What country singer has had a record 10 consecutive singles reach No. 1 on the charts?
Brad Paisley, who appears at Omaha’s CenturyLink Center on Thursday night.
Brad’s a short form of Bradley and Bradford. Bradley (“broad clearing”) and Bradford (“broad ford”) are common village names in England. Families with the surnames Bradley and Bradford have medieval ancestors from one of those places.
In 1620, William Bradford (1590-1657) arrived at Plymouth aboard the Mayflower. Bradford was the Plymouth colony’s governor for most of the next 37 years.
Bradford wrote the first history of the Pilgrims, and 19th century Americans revered him as a “Pilgrim father.”
That’s why Bradford was ahead of Bradley as a given name in the United States during the 19th century. The 1850 census, first to list all residents, included 1,684 men named Bradford and 1,095 named Bradley.
Bradley is much more common than Bradford as a surname. In the 2000 census, there were 131,289 Americans with the last name Bradley and 51,726 Bradfords.
Bradley has also always been ahead of Bradford as a first name in England. One literary example is Bradley Headstone, a schoolmaster who attempts to murder a romantic rival in Charles Dickens’s 1865 novel “Our Mutual Friend.”
By 1880, according to the Social Security’s yearly baby name list, Bradley was ahead in America, too.
Bradley sharply rose between 1895 and 1899, while William O’Connell Bradley was governor of Kentucky. Bradley was an anti-lynching crusader who pardoned George Dinning, an ex-slave convicted for shooting one of a mob trying to burn down his house. Births of Bradleys tripled during his term.
But Bradley’s big boom as a first name came in the 1940s. Part of this was in honor of Gen. Omar Bradley (1893-1981), who reporter Ernie Pyle famously dubbed “the GI’s general.” Bradley — whose friends called him “Brad”— later was first chairman of the Joint Chiefs of Staff.
A pop culture “feedback loop” then began boosting Bradley and Brad. In 1945, “Brad Spencer, Wonderman,” a comic book where Brad is turned “hard as steel” by “sizzling voltage of a super current,” appeared. Though the comic lasted only three years, the superhero and the general led to the number of babies named Bradley rising 81 percent and Brad 123 percent in 1946.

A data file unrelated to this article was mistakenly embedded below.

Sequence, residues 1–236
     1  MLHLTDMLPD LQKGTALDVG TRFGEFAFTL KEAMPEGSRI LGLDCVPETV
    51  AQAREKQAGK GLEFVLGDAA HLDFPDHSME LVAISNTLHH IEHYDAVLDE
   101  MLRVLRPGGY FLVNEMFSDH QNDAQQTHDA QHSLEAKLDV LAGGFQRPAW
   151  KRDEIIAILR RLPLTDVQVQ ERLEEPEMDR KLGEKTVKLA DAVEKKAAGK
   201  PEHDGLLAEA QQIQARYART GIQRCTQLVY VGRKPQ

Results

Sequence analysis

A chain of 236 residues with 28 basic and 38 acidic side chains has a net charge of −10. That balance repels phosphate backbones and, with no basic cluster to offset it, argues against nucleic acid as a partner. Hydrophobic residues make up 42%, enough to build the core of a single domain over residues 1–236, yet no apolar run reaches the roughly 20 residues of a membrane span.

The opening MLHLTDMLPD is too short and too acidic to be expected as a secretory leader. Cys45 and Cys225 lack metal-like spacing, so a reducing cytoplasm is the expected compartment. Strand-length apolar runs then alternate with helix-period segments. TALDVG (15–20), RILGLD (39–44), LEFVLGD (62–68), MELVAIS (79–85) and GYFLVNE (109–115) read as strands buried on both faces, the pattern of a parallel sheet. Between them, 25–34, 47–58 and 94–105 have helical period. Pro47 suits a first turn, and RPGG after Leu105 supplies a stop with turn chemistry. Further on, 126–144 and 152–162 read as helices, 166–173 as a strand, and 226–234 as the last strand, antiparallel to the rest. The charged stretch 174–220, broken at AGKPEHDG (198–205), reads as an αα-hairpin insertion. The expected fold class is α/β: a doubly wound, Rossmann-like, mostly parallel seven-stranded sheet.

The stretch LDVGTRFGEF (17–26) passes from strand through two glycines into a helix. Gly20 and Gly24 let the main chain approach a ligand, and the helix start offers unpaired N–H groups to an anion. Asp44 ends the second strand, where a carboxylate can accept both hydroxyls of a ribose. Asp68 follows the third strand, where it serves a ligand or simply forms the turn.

Another now-forgotten character who helped the name was Judge Bradley Stevens, long-suffering husband of ditzy blonde Joan Davis on television’s “I Married Joan” (1952-1955.)
Bradley hit the top 100 in 1960. It peaked at 47th in 1970 and then fell off. This reversed in 1973 when soap opera “The Young and the Restless” premiered, with actor Tom Hallick playing Brad Elliott, handsome mysterious stranger who becomes a newspaper reporter.
In 1975 the cult film “The Rocky Horror Picture Show” premiered, with Barry Bostwick as Brad Majors. At first a flop, “Rocky Horror” became an audience participation phenomenon where fans attend late night showings dressed as favorite characters. The fun of seeing up-tight straight-laced Brad and fiancée Janet transformed by manic alien transvestite Dr. Frankfurter has kept the film in release ever since.
The combo of “Rocky Horror” and “Y&R” coincided with the all-time peak of Brad as a separate name (ranking 98th in 1975). Bradley peaked at 47th again in 1979.
Today’s most famous Brad, film star Brad Pitt, was born William Bradley Pitt in 1963. Brad Paisley was born as Brad Douglas Paisley in West Virginia in 1972.
But these guys didn’t boost the name. That honor goes to Bradley Cooper.
Bradley bottomed out as a baby name at 201st in 2008. Cooper first broke out as a big star in 2009 with “The Hangover.” Since then, the name Bradley has risen 15 percent in baby names, ranking 169th in 2012.
It’s unusual for a name which peaked in the 1970s to be on an upswing today. Why did Cooper inspire this when Pitt and Paisley didn’t? That’s today’s biggest baby name mystery.